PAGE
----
If you're in the market for a new TV you're in for a treat as prices for HDTVs have dropped dramatically and performance has improved just as much. That is unless you are hankering for a TV using an emerging technology -- such as 4K or OLED. But, and here's the rub, finding the perfect TV for you and your family can be a bit of a juggling act.
Thin and wall mountable, LCD TVs have emerged as the number-one choice among TV buyers. The bulk of this report will focus on LCD sets, now largely called LED TVs because they use an LED backlight. We will highlight the best LED TVs as well as the best value LED TVs, including some cheap LCD TVs worth considering. We will also look at the latest 4K LED TVs which offer roughly four times the resolution of standard HDTVs -- to see if their performance is worth their sometimes prodigious bottom line.
Plasma TVshad long been the favorites of those who prize picture quality over everything else. But plasma's drawbacks -- real and perceived -- have marginalized that technology to the point where it is virtually extinct. Panasonic stopped making plasma sets in 2013, and Samsung has announced that 2014 will be the last year it will manufacture plasma sets. That leaves LG as the only maker that has not officially pulled the plug on the technology (at least as of September 2014), but reports out of Korea say that it's a matter of when, not if, LG will exit that business as well. That means that if you are interested in a plasma TV, the 2014 holiday buying season will likely be your last, best chance of purchasing one.
Manufacturers have long promised sets with OLED (organic light-emitting diode) technology. The lure of OLED is picture quality that is better than is currently seen on any set using any other technology. However, initial efforts at introducing OLED sets have been halting. Makers have struggled to get the technology right and to reduce prices that up to now were prohibitively high. That's why LG's sub-$3,500 55-inch OLED set may be a breakthrough product. It's profiled in more depth in our discussion of OLED TVs.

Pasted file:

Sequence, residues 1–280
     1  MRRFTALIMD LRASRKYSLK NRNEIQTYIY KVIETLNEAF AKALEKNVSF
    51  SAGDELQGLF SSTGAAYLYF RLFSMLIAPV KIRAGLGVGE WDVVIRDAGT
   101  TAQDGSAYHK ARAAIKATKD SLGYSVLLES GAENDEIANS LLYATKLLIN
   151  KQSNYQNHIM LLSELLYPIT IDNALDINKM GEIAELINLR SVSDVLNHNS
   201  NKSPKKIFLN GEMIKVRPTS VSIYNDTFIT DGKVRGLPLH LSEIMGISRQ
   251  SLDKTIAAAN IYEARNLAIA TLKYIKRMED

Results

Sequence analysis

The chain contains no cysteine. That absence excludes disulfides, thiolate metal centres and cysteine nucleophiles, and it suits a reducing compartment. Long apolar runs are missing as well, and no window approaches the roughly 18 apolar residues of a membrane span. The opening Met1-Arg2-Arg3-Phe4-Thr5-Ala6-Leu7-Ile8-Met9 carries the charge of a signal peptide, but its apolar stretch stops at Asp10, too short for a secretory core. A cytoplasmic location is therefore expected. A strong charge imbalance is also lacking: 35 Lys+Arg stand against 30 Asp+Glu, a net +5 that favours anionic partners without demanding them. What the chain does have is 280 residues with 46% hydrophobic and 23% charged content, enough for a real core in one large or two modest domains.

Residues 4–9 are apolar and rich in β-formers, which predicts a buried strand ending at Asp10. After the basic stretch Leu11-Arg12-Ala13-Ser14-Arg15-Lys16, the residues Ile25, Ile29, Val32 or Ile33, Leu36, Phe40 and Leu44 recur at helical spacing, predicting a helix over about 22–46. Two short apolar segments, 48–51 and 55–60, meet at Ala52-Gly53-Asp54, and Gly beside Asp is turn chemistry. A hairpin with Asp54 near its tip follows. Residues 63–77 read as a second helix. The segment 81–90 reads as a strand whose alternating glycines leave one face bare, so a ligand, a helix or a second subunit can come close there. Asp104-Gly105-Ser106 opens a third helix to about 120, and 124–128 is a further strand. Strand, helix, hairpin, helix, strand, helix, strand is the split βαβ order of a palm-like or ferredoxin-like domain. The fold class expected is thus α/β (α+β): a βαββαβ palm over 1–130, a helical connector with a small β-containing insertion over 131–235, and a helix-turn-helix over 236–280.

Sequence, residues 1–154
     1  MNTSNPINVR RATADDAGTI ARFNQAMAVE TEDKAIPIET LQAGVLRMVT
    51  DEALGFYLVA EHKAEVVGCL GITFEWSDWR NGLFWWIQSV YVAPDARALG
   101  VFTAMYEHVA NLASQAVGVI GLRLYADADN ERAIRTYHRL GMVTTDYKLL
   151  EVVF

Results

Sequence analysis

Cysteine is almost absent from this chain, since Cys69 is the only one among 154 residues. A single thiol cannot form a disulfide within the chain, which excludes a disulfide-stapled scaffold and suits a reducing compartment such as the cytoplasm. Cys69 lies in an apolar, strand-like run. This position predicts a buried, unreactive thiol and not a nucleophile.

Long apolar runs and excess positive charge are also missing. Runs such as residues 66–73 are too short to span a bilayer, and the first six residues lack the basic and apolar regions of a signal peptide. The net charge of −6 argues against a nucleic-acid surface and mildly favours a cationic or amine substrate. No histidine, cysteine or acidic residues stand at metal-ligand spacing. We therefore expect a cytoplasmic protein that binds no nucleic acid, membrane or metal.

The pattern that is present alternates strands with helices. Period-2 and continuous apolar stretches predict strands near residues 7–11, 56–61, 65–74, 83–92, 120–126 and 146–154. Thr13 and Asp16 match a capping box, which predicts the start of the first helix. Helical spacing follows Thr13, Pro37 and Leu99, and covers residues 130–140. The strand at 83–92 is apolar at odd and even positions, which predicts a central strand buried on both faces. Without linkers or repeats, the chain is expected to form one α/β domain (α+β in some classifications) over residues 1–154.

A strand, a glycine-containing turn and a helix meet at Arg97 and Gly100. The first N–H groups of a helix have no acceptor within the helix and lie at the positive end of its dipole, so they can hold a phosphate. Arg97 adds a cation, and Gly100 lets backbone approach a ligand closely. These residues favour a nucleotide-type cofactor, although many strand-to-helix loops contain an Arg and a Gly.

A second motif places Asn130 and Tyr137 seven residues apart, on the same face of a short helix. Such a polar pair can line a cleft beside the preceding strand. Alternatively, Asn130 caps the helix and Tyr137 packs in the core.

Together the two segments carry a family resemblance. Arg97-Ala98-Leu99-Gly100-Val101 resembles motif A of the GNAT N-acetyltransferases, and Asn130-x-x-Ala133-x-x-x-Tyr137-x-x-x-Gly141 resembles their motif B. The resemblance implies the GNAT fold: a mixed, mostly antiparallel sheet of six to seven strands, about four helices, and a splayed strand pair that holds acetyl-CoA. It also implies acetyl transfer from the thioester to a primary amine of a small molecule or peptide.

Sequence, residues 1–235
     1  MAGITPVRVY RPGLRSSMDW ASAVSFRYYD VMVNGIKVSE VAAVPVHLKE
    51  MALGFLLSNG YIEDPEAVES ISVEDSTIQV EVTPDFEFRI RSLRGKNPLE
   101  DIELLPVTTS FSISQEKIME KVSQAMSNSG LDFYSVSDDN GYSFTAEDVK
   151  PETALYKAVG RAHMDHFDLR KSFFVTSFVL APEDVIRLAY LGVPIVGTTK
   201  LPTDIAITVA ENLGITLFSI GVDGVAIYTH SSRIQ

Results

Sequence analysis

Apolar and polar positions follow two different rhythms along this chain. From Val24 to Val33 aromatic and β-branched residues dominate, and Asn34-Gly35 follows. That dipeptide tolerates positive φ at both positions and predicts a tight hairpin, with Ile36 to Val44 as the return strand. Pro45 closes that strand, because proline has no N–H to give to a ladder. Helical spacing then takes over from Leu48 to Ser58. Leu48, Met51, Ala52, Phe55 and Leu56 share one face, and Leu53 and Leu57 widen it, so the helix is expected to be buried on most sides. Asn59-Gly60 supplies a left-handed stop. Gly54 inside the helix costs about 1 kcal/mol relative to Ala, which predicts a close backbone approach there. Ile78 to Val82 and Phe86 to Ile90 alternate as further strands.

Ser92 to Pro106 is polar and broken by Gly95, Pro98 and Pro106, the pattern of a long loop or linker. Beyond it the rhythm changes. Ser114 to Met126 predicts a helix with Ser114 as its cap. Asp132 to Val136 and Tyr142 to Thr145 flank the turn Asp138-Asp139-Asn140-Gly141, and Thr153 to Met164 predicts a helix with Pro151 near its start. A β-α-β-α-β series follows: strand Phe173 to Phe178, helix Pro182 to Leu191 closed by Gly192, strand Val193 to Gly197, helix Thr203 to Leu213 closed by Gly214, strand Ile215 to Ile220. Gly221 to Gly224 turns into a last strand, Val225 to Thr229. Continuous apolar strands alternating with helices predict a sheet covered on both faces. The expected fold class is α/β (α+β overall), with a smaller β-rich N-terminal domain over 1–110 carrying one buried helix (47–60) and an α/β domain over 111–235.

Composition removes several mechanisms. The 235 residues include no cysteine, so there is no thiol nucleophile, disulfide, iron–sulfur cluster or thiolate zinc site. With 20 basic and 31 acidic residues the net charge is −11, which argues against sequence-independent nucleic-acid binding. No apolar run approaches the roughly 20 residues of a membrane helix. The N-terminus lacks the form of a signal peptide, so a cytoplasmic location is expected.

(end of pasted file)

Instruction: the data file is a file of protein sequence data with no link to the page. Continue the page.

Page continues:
LED sets are now available in wall-filling sizes, but the largest sets come with a wallet-emptying price tag. If you are interested in a screen size over 90 inches, a home-entertainment projector might be a worthwhile, cost-effective alternative. However, projectors require more care than standard TV sets. We will focus on the details of that care and name some projectors to consider elsewhere in this report.
What makes a TV "perfect" for you?
In an attempt to get consumers to buy a new set, TV makers have been adding lots of high-tech goodies to their offerings. There's 3D, of course, and "Smart" features that let you access content directly from the Internet or from your personal computer. Things we never had to consider before, such as refresh rate, are now front and center on the features list and in advertisements.
On the other hand, maybe you just want a TV with a great, or simply a good, picture at a price that's easy on your wallet. Image quality is defined by a few different factors, including how deep a level of black a set can obtain, how accurate and saturated colors appear, how uniform the picture looks across the screen, how well it handles fast motion, and how free the picture is of image-processing bobbles like curved lines that are slightly jagged rather than perfectly smooth.
How much do you need to spend on a TV? If you're a perfectionist, be prepared to dig deep as cutting edge TVs can cost $4,000 or more -- and sometimes much more depending on the technology and screen size. However, others can find TVs with images that look perfectly fine -- in fact, pretty darn outstanding -- at $500 or even less. Keep in mind that even today's budget TVs can produce a picture that might have been state of the art just a few short years ago -- and we spotted one budget set that gives most current HDTVs a serious run for their money in terms of picture quality.